Monday, July 24, 2006

August - Time To Go away

I mentioned that although the underlying fundamentals are strong for equities, we are probably not going to see a strong rally till mid-end of October. August is not a good month generally. Markets are about to move into what is typically the worst time of the year for stock investing: late summer and early fall (Western world view). The third quarter is also typically the worst quarter of the year for Wall Street. And those who follow the four-year cycle of the presidency will tell you that the second year of a presidential term of office, like 2006, is the worst of the four. Although, any year under Bush seems to be the worst to me.

How important are seasonal factors? Patterns are there because of some underlying factors, and as observers, we need to decipher whether those similar factors are repeating this year before we hold onto the rule of thumb. Investors are nervously eyeing the worst violence in years in the Mideast; oil prices are near record highs; worries about a slowing economy and rising interest rates in the US; and a possible slowdown in corporate profit growth is looming.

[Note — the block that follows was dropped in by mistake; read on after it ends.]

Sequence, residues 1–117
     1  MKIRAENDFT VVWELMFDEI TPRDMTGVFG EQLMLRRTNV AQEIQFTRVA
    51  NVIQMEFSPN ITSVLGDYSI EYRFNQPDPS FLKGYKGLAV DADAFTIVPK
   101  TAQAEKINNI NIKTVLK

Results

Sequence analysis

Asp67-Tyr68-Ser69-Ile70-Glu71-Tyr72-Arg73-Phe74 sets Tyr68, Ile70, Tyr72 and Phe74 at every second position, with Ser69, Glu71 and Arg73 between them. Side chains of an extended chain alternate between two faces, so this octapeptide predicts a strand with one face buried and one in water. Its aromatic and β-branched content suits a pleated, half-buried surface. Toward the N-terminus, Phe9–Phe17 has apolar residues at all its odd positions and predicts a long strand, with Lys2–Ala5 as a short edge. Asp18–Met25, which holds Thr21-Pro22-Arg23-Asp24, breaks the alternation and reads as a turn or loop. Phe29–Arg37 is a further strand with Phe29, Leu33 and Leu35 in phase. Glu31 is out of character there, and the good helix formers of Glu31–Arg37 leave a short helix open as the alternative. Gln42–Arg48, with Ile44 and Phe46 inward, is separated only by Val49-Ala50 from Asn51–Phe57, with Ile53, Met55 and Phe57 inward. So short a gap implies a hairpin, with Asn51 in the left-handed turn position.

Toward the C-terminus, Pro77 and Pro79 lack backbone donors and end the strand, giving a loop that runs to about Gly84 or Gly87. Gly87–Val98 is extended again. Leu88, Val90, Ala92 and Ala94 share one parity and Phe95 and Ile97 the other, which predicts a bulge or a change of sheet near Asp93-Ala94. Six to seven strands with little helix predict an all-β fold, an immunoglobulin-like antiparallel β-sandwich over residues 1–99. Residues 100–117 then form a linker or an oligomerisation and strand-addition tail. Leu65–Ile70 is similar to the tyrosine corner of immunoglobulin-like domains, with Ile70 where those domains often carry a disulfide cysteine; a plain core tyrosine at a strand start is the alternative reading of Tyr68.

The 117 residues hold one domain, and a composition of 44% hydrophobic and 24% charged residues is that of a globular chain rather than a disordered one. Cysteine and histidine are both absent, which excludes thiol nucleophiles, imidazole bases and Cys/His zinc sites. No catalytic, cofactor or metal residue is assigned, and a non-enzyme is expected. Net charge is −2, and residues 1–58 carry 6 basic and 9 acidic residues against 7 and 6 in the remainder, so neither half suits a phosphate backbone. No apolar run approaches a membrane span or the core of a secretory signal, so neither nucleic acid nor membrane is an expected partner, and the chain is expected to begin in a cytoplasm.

For the last 18 years, August has been the worst month of the year for the S&P 500, and the second worst month for the Dow Jones industrials and the Nasdaq composite.

2006 also marks the second year of the presidential cycle, and that's not a good thing. Over the last 60 years, the third quarter of year two has been good for an average decline of 2.2 percent on the S&P 500. Consider again the presidential cycle theory. The Dow has fallen 22.2 percent on average between the high it hit in the first year of the four-year cycle - such as 2005 - and the low it hit in the second year - in this case 2006. Even after the recent selloff, the Dow is only trading 1.8 percent below that 2005 high - suggesting that a much bigger drop is yet to come.

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